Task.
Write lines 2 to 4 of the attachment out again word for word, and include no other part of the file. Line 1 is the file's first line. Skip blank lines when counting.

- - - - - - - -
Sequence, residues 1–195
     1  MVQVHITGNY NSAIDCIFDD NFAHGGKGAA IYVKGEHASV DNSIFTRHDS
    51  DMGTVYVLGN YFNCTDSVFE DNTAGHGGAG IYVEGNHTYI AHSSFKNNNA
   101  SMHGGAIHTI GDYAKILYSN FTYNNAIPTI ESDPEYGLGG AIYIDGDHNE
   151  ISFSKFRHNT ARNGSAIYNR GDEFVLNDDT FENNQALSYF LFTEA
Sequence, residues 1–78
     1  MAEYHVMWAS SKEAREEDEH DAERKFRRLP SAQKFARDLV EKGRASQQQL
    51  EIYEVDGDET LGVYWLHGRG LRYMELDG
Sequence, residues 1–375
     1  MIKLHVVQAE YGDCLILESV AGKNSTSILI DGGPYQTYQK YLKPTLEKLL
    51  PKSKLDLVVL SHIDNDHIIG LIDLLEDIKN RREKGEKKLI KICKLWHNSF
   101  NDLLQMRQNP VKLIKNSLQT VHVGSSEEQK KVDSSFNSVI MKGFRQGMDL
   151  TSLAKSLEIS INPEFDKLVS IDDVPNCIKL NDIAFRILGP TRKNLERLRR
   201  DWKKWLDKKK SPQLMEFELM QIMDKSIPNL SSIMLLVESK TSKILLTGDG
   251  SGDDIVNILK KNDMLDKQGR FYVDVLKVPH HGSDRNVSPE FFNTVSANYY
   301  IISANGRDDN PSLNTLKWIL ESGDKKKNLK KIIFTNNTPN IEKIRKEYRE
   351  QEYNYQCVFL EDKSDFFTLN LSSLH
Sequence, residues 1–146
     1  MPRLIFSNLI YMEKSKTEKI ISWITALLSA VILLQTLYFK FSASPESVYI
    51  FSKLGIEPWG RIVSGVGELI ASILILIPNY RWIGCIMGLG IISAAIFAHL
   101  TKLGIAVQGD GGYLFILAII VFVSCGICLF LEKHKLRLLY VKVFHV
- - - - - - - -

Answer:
     1  MVQVHITGNY NSAIDCIFDD NFAHGGKGAA IYVKGEHASV DNSIFTRHDS
    51  DMGTVYVLGN YFNCTDSVFE DNTAGHGGAG IYVEGNHTYI AHSSFKNNNA
   101  SMHGGAIHTI GDYAKILYSN FTYNNAIPTI ESDPEYGLGG AIYIDGDHNE